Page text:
Each of us acts in ways that increase connection at times and decrease it at others. In general, though, individuals tend to fall into one of three categories when it comes to connection. Which type most often describes you?
Intentional disconnectors are people who infect others with beliefs and behaviors that cause disconnection. They mock the idea that inspiring identity, human value, and knowledge flow are desirable in and of themselves. They’re selfish and will intentionally manipulate people to get their way. Emotionally, they live alone because they fear being vulnerable and genuine with others. They may put on a front, a smiling mask, but on the inside they are gradually becoming empty and depressed souls.
Some intentional disconnectors have serious psychological problems, and mental health professionals would categorize them as neurotic. Others embrace values that are disconnecting, such as doing whatever is necessary to get ahead, despite what is commonly accepted as right. Believe me, I know from personal experience that working with an intentional disconnector is a nightmare. That’s why we need to be aware of them and to stay out of their destructive paths.
Based on press accounts, it would appear that “Chainsaw” Al Dunlap, the former CEO of Sunbeam, was an intentional disconnector. He relished firing people and ruling like a dictator. As the inevitable consequences of his leadership style played out, Sunbeam’s performance woes intensified until Dunlap was dismissed.
Unintentional disconnectors represent the majority of people. Although they believe inspiring identity, human value, and knowledge flow are desirable, they lack sufficient self-knowledge to see that their behavior reduces connection. They suffer from blind spots – destructive habits that increase disconnection. They may order others about as if they were children. Or perhaps they are unable to consider constructive criticism without turning their wrath on the messenger. Or maybe they are unable to connect with the people they lead and are unaware of it.
Whatever the case, unintentional disconnectors decrease connection without realizing it. For the most part, we drift toward becoming unintentional disconnectors, and we must exert intentional effort to realize it and change.
Take me, for example. During a 360-degree performance review early in my career, I learned that some people whom I was responsible for leading didn’t feel I gave them adequate feedback about their performance. More specifically, they sensed I wasn’t telling them when they did something that I disliked. Through this feedback, I realized that by communicating only positive, encouraging aspects of the employees’ performance, I was not doing what was best for them. In addition, I needed to be honest with employees when they did something I disagreed with so that they might learn from the situation and adjust their behavior. Because people sensed I wasn’t being completely candid with them, the connection between us was lessened. Now that I am aware of this blind spot, I’m careful to tell people when I have qualms about their actions.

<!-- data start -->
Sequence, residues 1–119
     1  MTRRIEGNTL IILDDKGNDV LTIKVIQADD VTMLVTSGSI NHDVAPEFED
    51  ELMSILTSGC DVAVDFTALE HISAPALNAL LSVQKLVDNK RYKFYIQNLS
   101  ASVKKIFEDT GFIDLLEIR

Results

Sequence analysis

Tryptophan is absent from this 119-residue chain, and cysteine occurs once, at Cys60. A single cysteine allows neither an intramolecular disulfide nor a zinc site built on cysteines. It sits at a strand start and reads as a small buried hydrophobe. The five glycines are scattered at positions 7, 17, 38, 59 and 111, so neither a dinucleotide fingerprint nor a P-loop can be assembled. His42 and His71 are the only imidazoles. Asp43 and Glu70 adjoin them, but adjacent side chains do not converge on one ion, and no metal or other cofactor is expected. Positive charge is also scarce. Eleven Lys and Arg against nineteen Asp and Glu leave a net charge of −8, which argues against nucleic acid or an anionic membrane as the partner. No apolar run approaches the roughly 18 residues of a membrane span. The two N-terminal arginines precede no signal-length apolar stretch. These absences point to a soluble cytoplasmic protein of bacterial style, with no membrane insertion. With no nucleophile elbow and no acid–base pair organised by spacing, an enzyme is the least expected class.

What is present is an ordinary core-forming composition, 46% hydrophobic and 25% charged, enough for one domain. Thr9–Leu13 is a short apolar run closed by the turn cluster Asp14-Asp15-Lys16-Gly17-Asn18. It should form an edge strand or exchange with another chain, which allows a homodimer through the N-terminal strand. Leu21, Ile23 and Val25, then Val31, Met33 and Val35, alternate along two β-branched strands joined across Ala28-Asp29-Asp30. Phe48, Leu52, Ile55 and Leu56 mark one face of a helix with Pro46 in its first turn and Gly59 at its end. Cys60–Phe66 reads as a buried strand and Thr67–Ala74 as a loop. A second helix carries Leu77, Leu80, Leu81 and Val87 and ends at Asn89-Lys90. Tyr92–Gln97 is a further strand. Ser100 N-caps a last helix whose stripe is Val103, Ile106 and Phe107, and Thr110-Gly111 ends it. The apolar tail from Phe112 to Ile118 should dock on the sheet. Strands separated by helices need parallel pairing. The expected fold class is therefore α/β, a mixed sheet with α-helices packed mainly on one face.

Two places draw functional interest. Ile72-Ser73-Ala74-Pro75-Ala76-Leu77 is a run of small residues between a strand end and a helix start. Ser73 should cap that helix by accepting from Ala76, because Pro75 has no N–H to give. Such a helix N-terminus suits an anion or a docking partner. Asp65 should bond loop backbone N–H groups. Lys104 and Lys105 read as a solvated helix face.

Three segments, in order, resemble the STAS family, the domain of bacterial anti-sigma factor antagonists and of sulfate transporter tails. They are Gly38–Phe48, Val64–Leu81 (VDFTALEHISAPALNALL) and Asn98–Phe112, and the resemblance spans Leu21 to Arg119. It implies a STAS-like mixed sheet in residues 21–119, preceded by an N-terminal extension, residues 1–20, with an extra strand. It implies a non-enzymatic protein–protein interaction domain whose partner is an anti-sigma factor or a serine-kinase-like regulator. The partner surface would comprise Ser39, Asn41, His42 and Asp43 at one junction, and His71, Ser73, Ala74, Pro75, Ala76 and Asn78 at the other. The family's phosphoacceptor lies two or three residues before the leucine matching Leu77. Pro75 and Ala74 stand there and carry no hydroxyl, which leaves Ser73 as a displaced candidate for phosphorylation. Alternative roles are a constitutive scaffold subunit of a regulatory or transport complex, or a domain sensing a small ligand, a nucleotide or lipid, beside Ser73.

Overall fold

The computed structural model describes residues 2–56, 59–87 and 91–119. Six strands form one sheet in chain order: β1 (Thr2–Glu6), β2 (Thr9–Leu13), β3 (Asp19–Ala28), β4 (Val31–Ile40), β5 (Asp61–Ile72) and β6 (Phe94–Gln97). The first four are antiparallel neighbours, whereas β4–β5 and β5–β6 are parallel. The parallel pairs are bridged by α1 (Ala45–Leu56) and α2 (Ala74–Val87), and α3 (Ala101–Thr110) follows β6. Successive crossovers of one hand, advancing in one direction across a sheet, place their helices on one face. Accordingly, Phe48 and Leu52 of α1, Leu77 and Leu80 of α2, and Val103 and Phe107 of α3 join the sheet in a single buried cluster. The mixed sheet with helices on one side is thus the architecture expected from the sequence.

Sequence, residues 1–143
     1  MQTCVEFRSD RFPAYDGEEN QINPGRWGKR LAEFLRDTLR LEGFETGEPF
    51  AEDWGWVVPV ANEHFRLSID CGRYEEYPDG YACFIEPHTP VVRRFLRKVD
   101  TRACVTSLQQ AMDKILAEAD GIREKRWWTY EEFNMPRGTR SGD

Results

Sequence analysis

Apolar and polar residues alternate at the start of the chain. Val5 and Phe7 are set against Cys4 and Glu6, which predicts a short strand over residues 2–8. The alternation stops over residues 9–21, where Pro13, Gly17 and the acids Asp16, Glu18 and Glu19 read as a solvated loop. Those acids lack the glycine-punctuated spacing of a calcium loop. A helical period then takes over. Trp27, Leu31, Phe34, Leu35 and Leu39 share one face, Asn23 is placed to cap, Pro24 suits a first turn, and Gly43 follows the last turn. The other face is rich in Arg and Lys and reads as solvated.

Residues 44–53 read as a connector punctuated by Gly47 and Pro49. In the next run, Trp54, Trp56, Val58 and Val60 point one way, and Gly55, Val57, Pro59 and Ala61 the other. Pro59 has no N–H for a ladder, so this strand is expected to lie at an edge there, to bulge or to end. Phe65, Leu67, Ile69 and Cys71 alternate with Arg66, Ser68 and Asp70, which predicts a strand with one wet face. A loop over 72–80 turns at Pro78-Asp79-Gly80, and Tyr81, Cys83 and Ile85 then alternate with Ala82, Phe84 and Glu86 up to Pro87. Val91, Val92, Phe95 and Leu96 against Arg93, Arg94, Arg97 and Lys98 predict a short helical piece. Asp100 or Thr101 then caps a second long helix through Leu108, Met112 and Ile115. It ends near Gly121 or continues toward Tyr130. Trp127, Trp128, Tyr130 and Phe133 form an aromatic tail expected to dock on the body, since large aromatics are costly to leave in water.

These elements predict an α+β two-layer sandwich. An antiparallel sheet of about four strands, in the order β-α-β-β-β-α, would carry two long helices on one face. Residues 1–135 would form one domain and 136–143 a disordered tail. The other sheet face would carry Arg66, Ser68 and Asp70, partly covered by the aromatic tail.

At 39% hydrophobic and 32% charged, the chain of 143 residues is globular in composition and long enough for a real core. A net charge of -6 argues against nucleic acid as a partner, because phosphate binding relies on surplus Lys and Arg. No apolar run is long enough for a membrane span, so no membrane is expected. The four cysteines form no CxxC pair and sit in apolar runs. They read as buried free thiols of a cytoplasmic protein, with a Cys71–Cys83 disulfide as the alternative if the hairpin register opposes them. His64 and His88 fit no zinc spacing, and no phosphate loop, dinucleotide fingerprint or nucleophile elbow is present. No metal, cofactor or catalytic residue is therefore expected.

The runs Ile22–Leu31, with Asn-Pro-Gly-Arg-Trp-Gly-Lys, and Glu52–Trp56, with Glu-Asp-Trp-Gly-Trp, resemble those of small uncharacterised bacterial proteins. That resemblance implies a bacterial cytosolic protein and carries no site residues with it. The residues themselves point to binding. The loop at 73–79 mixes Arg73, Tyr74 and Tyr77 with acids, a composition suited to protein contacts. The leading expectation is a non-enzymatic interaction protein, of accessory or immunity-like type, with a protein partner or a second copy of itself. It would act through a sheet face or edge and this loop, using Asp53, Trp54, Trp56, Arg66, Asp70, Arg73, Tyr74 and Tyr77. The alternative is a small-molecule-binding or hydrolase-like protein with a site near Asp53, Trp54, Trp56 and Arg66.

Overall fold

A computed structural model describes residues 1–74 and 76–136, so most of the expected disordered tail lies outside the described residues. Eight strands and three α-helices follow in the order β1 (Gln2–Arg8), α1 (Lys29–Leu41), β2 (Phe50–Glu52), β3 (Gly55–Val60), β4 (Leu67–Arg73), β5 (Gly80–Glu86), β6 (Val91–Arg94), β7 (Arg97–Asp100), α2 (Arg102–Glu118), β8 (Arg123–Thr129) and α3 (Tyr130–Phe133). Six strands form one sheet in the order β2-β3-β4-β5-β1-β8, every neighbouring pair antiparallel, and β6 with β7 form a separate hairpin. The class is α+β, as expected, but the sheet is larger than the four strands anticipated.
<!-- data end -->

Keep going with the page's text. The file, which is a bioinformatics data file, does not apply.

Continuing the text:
My story isn’t unique. Many leaders become aware of their blind spots and their behavior that foster disconnection after going through the 360-degree performance review process. With coaching and ongoing processes put in place to measure their progress, many grow to become better leaders.
When we make a commitment to change and open ourselves to honest feedback about the effects of our behavior, we begin the journey to become people who reach our potential and help others reach theirs. I can’t emphasize enough that we naturally drift toward becoming unintentional disconnectors, and the only way to consistently increase connection is to become intentional about developing into the type of person who increases it.
Over the course of my life, I have been fortunate to learn from people who consistently enhance connection. Some have been leaders in the traditional sense while others have not. I have personally met some while I have learned about others by studying their lives, reading their letters and speeches, and reviewing what others have written about them.
Intentional connectors are full of life, a sense of purpose, and genuine joy compared to most people you meet. Inevitably, they are wise about themselves and about life. They increase connection in the cultures of which they are a part because they embody inspiring identity, human value, and knowledge flow. They combine a steadfast dedication to reaching performance excellence and accomplishing their mission while nurturing a culture that creates connection.
Although there is much to admire in intentional connectors, that doesn’t mean they are perfect. No one is. But with coaching, they can make their strength in connecting with others even stronger.
If you genuinely wish to improve in your ability to connect with others, seek honest feedback from a friend or mentor you trust. To help with your journey, you can also download the 100 Ways to Connect e-book when you subscribe to the Connection Culture newsletter.
More From Michael Lee Stallard
Michael Lee Stallard, president and cofounder of Connection Culture Group, speaks, teaches and consults on leadership, organizational culture and employee engagement. He is the author of Connection Culture and Fired Up or Burned Out. Follow him on his blog, Twitter, Facebook, Google+ or LinkedIn.